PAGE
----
Union minister to move Supreme Court to challenge ban on word 'Dalit'
New Delh, Sep 6: The Republican Party of India, an ally of the BJP, will move the Supreme Court challenging the Bombay High Court directive against the use of the word 'Dalit' by the media, according to RPI leader and Union Minister Ramdas Athawale.
Athawale told reporters on Wednesday that the word Dalit symbolises the struggle undertaken to give these communities their rights."It isn't an insult," he said.
The Ministry of Information and Broadcasting had earlier suggested that the media use the word "Scheduled Castes (SC)", in order to comply with the Bombay High Court's directions.
"Republican Party of India will go to the Supreme Court against Bombay High Court (Nagpur bench) directive to the government to remove 'Dalit' word in media usage," the party leader said.
Athawale, who is minister of state for social justice, said that while he does not object to the use of 'Scheduled Caste' in government affairs, the term 'Dalit' shouldn't be a "worrisome word" in common usage.
"I have no objection to the use of 'Scheduled Caste' in government works, but it isn't fair to ban media, authors and other such persons from using the word 'Dalit'. It should be left to them whether they wish to say 'Scheduled Caste' or 'Dalit'," he said.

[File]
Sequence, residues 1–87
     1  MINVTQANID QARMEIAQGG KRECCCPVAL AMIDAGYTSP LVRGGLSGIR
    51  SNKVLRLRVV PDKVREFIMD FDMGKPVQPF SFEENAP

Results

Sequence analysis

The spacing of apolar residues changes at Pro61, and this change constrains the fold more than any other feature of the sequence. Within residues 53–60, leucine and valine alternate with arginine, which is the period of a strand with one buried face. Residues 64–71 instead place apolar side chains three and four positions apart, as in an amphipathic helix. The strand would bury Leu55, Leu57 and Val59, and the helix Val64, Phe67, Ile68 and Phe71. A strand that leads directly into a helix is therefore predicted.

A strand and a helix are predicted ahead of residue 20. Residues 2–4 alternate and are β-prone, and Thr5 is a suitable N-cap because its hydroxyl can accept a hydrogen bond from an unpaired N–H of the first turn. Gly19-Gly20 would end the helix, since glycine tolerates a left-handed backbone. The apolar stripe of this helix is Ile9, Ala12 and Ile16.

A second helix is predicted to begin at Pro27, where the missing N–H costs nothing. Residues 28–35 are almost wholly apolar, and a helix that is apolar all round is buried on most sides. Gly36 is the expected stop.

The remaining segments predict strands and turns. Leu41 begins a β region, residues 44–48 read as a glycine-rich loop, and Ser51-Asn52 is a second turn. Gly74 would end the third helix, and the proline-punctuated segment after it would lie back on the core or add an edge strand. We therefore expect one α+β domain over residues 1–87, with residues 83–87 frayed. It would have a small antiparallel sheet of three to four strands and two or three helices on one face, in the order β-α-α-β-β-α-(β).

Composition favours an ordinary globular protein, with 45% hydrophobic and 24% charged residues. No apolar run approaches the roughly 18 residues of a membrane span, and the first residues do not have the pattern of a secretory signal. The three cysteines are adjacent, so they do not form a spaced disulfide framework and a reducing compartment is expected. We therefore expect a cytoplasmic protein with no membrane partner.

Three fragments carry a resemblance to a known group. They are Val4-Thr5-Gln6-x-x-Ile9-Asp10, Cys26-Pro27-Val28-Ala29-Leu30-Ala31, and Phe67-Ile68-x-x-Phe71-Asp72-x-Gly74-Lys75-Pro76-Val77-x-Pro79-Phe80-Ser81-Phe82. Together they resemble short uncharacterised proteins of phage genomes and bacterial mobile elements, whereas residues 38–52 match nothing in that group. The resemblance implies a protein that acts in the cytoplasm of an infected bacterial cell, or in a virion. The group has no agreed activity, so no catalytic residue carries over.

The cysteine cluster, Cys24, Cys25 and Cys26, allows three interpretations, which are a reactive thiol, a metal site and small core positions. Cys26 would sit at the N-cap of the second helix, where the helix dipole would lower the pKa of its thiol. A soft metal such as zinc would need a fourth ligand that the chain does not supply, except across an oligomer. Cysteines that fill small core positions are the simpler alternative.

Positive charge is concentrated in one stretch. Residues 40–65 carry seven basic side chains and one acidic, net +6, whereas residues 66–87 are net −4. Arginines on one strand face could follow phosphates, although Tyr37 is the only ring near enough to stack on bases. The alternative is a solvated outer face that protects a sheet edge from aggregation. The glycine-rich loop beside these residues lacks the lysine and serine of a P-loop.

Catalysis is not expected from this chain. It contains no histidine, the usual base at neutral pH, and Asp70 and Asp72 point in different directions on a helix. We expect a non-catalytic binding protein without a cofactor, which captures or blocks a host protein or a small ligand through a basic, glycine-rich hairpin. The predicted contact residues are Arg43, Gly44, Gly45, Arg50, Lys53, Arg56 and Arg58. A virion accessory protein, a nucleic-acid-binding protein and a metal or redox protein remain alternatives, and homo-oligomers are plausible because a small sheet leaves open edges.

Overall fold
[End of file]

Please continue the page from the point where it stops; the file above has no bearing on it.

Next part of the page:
The RPI leader is the second Dalit leader after BJP lawmaker Udit Raj, who has protested against the court order and the I&B Ministry advisory.
"The word Dalit is a symbol of our unity. This word has given us the motivation because of which one day our community will enter into the mainstream of the country. This word should not make anyone feel inferior and not name but their welfare should be important to us," Raj had tweeted.
The order from the I&B Ministry said that the term 'Scheduled Caste' should be used for "all official transaction, matters, dealings, certificates, etc. for denoting the persons belonging to the Scheduled Castes notified in the Presidential Orders issued under Article 341 of the Constitution of India".